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UK top court to rule on legality of new Scottish independence referendum

The United Kingdom’s top court will give its ruling on Wednesday on whether the Scottish government can hold a second referendum on independence next year without approval from the British parliament, potentially paving the way for a new vote.

November 23, 2022
By Michael Holden and Andrew MacAskill
23 November 2022

By Michael Holden and Andrew MacAskill

LONDON, Nov 23 (Reuters) – The United Kingdom’s top
court will give its ruling on Wednesday on whether the Scottish
government can hold a second referendum on independence next
year without approval from the British parliament, potentially
paving the way for a new vote.

In 2014, Scots rejected ending the more-than 300-year-old
union with England by 55% to 45%, but independence campaigners
have argued the vote two years later for Britain to leave the
European Union, which the majority of Scottish voters opposed,
has materially changed the circumstances.

Scottish First Minister Nicola Sturgeon, leader of the
pro-independence Scottish National Party (SNP), announced
earlier this year that she intended to hold an advisory
independence vote on Oct. 19, 2023, but that it had to be lawful
and internationally recognised.

However, the British government in London has said it would
not grant permission for another plebiscite, saying it should be
a once-in-a-generation event. Polls suggest voters remain evenly
split over whether or not they support independence and a vote
would be too close to call.

Under the 1998 Scotland Act, which created the Scottish
parliament and devolved some powers from Westminster, all
matters relating to the Union of the Kingdoms of Scotland and
England are reserved to the UK parliament.

The Supreme Court will decide firstly whether it should
consider the issue at all, given that no referendum bill has
been introduced yet into Scotland’s devolved parliament.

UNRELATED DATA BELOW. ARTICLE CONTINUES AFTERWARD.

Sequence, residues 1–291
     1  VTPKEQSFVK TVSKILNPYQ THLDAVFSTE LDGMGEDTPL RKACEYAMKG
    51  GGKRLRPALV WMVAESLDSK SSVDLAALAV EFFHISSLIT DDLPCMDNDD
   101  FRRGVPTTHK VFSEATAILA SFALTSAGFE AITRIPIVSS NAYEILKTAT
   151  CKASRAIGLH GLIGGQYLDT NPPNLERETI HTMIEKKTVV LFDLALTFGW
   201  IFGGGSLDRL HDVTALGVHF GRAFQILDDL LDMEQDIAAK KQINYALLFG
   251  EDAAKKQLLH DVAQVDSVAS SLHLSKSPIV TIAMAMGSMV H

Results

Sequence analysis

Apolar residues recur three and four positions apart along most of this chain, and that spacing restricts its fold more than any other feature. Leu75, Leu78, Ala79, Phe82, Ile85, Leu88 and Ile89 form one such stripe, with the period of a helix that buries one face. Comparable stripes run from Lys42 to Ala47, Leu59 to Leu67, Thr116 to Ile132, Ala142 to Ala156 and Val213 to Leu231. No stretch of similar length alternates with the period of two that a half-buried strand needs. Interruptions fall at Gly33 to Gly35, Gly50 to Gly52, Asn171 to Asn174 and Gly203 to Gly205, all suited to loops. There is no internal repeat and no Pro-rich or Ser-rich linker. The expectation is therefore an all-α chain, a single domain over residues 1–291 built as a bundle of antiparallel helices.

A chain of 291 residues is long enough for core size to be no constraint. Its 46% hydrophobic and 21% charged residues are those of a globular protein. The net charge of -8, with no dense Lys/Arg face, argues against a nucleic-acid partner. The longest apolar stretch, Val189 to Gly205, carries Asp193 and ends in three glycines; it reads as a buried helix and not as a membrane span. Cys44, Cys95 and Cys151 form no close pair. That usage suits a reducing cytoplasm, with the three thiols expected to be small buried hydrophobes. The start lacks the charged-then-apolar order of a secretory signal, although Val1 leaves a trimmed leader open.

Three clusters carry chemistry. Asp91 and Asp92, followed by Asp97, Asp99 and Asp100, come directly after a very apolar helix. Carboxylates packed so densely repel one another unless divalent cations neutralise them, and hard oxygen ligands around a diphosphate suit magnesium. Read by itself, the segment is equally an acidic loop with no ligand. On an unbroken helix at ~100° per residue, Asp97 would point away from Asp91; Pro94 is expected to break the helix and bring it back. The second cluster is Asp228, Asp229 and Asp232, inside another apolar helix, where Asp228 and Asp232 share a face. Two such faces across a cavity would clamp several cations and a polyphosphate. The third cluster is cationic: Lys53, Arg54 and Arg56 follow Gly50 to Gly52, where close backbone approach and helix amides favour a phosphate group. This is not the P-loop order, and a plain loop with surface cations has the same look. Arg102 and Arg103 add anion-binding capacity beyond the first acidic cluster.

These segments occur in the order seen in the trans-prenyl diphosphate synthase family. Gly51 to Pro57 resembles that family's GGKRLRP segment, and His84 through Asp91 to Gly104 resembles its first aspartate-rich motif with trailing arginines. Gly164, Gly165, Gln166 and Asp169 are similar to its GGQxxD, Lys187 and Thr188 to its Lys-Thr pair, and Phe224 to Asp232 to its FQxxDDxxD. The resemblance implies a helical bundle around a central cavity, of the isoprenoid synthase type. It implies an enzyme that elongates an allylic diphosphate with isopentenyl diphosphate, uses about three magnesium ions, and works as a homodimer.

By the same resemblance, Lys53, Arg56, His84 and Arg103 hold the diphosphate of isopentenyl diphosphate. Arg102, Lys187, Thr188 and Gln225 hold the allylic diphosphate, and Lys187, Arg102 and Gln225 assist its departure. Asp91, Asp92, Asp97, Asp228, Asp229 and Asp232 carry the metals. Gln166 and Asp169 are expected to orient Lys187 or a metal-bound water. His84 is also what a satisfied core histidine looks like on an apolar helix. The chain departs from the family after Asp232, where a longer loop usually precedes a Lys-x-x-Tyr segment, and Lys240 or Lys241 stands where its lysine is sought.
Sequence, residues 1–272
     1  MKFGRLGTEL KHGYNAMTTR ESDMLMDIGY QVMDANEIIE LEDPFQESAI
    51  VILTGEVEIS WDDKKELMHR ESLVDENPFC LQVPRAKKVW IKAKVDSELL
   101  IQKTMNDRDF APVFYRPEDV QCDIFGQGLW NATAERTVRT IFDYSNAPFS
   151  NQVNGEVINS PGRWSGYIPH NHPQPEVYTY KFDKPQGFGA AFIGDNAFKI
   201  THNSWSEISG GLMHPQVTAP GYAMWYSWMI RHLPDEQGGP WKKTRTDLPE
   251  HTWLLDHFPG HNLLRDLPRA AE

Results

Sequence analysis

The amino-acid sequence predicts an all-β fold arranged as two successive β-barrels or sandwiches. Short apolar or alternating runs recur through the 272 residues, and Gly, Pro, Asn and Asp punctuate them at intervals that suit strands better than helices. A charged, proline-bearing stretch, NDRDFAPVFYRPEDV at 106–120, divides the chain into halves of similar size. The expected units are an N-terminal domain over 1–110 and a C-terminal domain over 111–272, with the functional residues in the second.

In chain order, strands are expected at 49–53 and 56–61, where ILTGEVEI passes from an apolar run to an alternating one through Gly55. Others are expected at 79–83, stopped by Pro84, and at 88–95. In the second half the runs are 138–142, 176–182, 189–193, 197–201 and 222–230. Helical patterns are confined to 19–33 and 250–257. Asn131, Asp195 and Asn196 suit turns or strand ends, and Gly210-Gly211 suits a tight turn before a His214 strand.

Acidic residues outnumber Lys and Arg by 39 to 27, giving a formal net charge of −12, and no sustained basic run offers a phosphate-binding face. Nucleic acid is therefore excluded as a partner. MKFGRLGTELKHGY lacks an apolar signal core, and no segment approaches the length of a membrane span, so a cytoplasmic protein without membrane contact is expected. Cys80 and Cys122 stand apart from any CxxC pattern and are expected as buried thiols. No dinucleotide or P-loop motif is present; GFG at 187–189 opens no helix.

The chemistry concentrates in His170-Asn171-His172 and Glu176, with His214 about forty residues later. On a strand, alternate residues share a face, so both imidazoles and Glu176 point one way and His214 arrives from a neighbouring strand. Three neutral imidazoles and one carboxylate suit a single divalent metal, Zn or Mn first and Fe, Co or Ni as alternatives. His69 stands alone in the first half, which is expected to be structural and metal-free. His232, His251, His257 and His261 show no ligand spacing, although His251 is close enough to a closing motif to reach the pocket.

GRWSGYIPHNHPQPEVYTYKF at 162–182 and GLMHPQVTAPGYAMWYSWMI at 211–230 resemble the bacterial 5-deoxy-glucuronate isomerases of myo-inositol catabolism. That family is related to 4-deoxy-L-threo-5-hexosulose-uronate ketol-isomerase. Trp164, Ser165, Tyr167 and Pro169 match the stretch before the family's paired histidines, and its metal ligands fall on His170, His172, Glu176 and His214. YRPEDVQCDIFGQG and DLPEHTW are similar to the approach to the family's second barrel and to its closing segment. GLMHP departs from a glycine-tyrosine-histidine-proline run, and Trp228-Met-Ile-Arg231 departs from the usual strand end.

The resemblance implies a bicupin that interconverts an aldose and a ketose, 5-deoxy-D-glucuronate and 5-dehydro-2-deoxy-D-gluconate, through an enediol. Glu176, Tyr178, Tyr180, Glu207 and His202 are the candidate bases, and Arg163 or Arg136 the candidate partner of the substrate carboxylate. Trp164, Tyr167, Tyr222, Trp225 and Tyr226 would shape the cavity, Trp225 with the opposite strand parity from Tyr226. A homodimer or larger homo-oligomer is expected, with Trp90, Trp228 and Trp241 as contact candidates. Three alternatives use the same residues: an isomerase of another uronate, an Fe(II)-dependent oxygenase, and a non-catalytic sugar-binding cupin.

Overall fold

If it concludes it has jurisdiction, it will then decide
whether an advisory referendum is a reserved matter.

In two days of hearings in October, the Scottish government
argued that while politically significant, the vote on
independence would be merely advisory and not legally binding.

However, the Conservative-led British government said the
court should not even engage with an abstract legal question.

Most legal experts expect the court to support the view that
no referendum can be held without the British government’s
approval. Sturgeon has said that if that is the outcome, then
her party would seek to make the next UK-wide election, expected
in 2024, a ‘de facto’ vote on independence.

Scottish politics has been diverging from other parts of
the United Kingdom for some time. The SNP has been the largest
party in the Scottish parliament since 2007, partly driven by
the demand for another referendum.

However, the party has been under pressure over its record
on health and education. Scotland has the highest drug deaths in
Europe and two thirds of the population is either obese or
overweight, while a think tank report last year said its
education system is the weakest in the United Kingdom.

“The independence movement is stuck, blocked
constitutionally and legally, and it is stuck on 50% of the
vote,” Michael Keating, a professor of politics at the
University of Aberdeen.

“The unionists are also stuck on 50% of the vote and have
run out of arguments for the union. They have not been able to
articulate a clear case for the union and why Scotland should
remain part of it.”
(Reporting by Michael Holden; Editing by Toby Chopra)

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